A team of U.S. and Canadian scientists made an unexpected discovery that could enable vaccine makers to significantly improve the effectiveness of currently approved vaccines. They found in an animal study that the diabetes drug metformin spurred development of immune system memory cells that can ID an infection or respond to vaccines. And that breakthrough could help improve the efficacy of common vaccines as well as a new generation of cancer vaccines in development.
"Our findings were unanticipated, but are potentially extremely important and could revolutionize current strategies for both therapeutic and protective vaccines," said Yongwon Choi of the University of Pennsylvania.
Metformin triggers AMP-activated protein kinase, a key component in energy metabolism that is used in the development of memory T-cells. "When we give metformin, it's like giving the T-cell response a boost," Russell Jones of McGill University in Canada told Reuters.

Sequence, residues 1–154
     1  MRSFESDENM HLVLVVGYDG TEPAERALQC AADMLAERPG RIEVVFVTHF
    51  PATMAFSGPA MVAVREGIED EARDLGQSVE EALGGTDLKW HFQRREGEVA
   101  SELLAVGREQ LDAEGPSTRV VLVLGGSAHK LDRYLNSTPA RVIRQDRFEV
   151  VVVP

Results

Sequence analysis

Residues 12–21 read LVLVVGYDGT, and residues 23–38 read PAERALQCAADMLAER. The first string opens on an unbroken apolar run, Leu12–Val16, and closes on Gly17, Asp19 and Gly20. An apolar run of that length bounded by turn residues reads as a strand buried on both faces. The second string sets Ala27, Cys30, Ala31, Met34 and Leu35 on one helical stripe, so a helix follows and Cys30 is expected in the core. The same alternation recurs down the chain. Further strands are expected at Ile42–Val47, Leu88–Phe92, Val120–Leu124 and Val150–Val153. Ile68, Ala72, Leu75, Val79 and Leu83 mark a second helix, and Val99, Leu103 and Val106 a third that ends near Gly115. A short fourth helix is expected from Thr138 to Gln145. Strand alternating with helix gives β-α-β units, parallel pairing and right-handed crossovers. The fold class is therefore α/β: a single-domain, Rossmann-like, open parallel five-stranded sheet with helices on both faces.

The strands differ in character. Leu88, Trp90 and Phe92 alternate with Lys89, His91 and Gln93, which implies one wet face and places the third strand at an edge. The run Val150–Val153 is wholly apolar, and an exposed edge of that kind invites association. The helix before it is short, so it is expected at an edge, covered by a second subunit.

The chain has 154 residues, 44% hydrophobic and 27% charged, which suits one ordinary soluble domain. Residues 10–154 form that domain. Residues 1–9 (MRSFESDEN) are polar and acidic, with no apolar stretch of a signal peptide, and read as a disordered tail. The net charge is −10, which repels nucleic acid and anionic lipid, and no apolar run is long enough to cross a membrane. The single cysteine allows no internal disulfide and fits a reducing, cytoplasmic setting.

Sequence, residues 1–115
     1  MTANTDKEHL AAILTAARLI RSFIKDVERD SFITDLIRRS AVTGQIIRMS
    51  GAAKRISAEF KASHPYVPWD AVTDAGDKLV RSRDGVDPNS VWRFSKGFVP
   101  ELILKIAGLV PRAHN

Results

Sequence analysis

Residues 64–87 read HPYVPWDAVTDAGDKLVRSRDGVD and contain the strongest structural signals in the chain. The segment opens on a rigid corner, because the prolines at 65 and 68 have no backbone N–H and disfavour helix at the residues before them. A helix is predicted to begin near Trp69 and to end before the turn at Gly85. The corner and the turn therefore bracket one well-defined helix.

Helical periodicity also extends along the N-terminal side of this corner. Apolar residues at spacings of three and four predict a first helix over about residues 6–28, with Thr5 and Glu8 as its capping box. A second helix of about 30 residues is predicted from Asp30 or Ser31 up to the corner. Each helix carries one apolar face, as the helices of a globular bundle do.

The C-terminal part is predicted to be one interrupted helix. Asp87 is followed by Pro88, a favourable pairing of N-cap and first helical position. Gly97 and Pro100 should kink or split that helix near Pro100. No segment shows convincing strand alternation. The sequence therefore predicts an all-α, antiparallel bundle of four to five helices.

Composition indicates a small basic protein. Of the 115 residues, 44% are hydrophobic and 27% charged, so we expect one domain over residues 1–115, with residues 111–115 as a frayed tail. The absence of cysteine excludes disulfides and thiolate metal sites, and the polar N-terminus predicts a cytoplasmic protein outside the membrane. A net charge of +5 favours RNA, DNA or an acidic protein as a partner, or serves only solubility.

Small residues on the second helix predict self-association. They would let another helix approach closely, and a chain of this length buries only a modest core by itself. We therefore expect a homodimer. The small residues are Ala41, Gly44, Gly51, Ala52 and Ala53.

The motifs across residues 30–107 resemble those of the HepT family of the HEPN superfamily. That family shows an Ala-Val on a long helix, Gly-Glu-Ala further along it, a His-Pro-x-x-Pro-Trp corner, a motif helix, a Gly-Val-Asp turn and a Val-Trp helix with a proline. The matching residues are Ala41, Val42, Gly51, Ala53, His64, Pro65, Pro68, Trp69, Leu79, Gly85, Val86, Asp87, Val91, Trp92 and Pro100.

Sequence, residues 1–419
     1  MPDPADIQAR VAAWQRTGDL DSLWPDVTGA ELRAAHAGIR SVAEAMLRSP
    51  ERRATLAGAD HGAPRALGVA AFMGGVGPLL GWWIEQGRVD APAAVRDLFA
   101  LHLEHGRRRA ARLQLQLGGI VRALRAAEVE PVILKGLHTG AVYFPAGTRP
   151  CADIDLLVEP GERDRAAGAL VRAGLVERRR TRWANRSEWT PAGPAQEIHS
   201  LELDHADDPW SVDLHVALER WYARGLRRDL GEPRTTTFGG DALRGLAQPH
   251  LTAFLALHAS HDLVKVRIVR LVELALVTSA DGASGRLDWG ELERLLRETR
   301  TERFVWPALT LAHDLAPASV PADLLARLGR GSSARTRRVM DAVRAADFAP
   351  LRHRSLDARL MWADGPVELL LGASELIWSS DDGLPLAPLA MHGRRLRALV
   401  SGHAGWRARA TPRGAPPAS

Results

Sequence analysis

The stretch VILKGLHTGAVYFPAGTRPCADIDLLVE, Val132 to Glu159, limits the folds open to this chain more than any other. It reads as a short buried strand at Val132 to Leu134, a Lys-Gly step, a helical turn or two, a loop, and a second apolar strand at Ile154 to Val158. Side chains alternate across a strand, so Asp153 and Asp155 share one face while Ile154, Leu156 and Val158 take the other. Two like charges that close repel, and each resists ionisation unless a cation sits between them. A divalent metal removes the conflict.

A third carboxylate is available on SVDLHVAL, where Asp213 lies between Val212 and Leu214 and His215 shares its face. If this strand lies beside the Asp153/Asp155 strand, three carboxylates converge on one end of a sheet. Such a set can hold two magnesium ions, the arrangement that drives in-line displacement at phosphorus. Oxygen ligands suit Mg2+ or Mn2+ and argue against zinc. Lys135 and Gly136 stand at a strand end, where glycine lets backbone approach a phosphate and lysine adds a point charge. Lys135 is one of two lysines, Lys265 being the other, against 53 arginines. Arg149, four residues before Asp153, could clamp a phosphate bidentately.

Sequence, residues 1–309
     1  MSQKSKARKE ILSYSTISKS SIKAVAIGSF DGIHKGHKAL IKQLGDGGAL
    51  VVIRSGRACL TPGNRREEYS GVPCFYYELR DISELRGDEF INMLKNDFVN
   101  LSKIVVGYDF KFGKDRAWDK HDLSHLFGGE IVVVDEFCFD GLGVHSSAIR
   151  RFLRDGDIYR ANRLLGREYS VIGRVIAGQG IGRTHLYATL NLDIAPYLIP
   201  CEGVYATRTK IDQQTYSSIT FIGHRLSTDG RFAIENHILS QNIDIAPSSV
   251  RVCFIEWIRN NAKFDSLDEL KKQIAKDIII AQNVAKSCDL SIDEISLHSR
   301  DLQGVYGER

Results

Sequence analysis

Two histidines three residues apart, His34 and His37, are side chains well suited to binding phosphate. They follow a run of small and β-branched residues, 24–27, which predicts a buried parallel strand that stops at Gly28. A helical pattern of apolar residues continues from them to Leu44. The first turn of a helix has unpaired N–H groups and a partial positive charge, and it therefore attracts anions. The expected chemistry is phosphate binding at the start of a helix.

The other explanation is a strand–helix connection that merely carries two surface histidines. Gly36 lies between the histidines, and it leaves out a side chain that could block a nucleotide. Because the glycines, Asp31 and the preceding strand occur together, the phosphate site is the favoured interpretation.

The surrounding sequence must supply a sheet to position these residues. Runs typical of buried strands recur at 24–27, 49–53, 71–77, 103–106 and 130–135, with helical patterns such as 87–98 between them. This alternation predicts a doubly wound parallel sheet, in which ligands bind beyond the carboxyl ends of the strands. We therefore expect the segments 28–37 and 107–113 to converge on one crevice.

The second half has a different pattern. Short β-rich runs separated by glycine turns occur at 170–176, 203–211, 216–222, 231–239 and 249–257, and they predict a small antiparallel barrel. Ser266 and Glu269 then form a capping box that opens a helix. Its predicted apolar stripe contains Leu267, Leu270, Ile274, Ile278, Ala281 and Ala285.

"Many genes involved in diabetes regulation also play a role in cancer progression," Jones explained in a statement. "There is also a significant body of data suggesting that diabetics are more prone to certain cancers. However, our study is the first to suggest that by targeting the same metabolic pathways that play a role in diabetes, you can alter how well your immune system functions."